I am also amazed at the number of folks appearing at Farmer's Markets with their home canned goods. I am not shy at all about striking up a conversation about the recipe they used, where they got it from and how they processed it, etc. The conversation always starts out friendly enough but when I start asking pointed questions, it can deteriorate quickly. Only the real, true canners appreciate those questions! Out of all the booths selling home canned goods, I only buy from one because we've had those conversations and I feel confident she practices what she preaches.

    Bookmark   September 6, 2011 at 4:15PM
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Farmer's markets at least are regulated - doesn't seem like church bazaars and hometown fairs are at all.

Slightly OT, but since we're talking about markets, I will say I was telling customers last week to be careful about where they buy their produce from now, ask questions at market and grocery store. Since we've had so much flooding from Irene, the state sent email to all the farmers about having to destroy crops if any edible portion was touched by flood waters, not irrigating if your well was flooded, not even using your well water to rinse produce from a field that wasn't flooded since flood waters could be contaminated. Hopefully all farmers will be complying. Something for everyone who isn't in a drought right now to be mindful of.

    Bookmark   September 6, 2011 at 6:31PM
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This conversation is so pertinent to me at the moment -- I was at a farmer's market this past weekend where there was a booth selling canned PESTO. I had my 3-year-old with me, otherwise I would have asked about that. I hope they're still there next week because I'm planning on going back.

Which leads me to...ajsmama...thanks for the information about the flood waters. I live literally 5 minutes from VT and my farmer's market is there. This bit of information is really good to have. I'll make sure to ask about that at the booths where I buy my veggies.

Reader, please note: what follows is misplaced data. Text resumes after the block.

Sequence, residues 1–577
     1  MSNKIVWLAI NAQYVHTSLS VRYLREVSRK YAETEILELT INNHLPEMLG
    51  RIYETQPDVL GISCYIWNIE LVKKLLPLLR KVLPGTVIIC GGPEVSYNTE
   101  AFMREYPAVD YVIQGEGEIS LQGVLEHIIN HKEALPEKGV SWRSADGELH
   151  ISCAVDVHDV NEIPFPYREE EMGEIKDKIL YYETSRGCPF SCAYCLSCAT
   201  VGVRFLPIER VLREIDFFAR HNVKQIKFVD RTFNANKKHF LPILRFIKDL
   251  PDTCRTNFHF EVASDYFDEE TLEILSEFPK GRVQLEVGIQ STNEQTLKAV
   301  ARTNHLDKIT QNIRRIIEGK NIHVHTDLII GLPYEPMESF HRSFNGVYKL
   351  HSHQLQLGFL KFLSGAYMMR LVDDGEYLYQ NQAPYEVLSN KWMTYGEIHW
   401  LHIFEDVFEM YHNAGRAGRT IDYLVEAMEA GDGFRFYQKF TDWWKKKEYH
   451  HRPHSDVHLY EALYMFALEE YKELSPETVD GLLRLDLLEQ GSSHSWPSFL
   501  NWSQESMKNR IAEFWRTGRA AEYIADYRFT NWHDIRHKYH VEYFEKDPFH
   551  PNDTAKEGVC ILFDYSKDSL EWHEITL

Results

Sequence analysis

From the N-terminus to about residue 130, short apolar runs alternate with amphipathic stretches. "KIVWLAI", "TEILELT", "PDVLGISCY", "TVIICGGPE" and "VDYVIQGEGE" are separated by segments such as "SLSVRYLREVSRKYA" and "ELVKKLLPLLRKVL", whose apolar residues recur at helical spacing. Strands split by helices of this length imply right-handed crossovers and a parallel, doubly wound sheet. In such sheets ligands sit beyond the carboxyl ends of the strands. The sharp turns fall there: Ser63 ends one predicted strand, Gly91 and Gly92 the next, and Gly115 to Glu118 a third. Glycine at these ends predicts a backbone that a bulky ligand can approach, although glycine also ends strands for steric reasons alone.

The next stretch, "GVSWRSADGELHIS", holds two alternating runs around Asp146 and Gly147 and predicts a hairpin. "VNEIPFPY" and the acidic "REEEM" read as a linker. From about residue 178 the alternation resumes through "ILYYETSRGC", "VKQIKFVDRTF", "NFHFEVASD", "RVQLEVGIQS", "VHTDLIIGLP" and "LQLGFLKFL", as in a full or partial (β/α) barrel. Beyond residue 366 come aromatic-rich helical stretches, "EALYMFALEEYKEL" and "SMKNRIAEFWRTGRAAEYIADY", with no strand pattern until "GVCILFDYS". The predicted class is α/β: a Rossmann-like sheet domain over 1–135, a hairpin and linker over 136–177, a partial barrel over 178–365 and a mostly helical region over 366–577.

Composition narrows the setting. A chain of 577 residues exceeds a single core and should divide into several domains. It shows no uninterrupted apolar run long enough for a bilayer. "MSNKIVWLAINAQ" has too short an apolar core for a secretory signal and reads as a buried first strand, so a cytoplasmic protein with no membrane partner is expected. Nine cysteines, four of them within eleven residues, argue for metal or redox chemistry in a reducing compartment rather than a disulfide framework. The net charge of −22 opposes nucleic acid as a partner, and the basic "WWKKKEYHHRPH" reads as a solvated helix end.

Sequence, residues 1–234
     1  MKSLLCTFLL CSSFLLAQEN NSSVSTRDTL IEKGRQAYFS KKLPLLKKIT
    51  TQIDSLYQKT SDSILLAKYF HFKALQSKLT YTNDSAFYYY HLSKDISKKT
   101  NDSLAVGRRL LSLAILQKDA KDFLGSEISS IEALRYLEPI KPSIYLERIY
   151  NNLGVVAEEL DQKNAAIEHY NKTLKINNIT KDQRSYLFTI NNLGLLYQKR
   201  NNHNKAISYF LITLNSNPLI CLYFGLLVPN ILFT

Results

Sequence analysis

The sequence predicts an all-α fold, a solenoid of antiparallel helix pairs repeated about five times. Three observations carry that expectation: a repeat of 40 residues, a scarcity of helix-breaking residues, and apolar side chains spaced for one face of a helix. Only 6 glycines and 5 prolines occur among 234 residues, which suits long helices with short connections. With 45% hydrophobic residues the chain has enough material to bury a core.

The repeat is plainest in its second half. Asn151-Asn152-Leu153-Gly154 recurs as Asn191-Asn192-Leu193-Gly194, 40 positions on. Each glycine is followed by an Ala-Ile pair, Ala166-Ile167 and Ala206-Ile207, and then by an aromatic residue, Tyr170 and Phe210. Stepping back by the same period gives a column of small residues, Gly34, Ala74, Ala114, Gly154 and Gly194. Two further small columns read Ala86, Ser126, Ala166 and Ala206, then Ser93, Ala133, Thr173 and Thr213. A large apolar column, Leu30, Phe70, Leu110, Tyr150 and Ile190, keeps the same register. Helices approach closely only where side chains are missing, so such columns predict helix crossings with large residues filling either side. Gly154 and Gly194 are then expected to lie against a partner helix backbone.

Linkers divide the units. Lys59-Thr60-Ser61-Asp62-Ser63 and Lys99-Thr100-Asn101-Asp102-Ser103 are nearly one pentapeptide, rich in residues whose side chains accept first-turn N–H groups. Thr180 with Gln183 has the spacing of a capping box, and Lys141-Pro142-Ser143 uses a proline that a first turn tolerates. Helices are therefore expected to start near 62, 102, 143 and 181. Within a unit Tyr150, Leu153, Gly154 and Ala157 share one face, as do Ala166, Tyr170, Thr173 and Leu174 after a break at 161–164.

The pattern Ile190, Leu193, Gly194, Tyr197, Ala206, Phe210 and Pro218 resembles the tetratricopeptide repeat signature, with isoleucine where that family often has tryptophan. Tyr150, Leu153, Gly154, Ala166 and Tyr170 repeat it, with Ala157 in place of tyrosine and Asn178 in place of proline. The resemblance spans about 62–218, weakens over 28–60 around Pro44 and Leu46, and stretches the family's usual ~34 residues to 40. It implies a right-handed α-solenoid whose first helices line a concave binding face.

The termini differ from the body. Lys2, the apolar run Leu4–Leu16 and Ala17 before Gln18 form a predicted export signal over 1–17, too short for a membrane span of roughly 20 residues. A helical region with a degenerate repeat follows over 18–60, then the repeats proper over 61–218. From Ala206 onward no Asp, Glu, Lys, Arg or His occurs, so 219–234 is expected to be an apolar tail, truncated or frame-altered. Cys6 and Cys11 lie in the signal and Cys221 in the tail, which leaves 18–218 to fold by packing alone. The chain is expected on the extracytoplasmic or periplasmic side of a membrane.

Bookmark   September 6, 2011 at 10:44PM
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You're welcome. I wish I had a link, I can't find it on the state's webpage, but they sent us a PDF file. Anyone who is interested can email me but I gave the gist of it above. BTW, there is also some concern about livestock feeds (which might be of concern to consumers buying eggs/meat?) but I didn't read that very carefully last Friday b4 market b/c I don't raise livestock.

There is a link to the Food Safety Emergency Manual I've included here. Lots is too late now (power loss) but you may want to read the part about flooding. HTH

Here is a link that might be useful: Emergency Food Safety

    Bookmark   September 7, 2011 at 8:02AM
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I saw that a few people mentioned Linda Ziedrich but I saw on one of her posts on her blog she prefers fresh lemon juice when most extension agencies say to use bottled for standardization. I know this sounds nit-picky but I'm just wondering what people here think generally. I don't know her work much but she does seem to talk about pH and is aware of the acidity requirements for canning.

What is the prohibition against fruit butters in crockpots? I haven't heard that before.

    Bookmark   September 20, 2011 at 3:24PM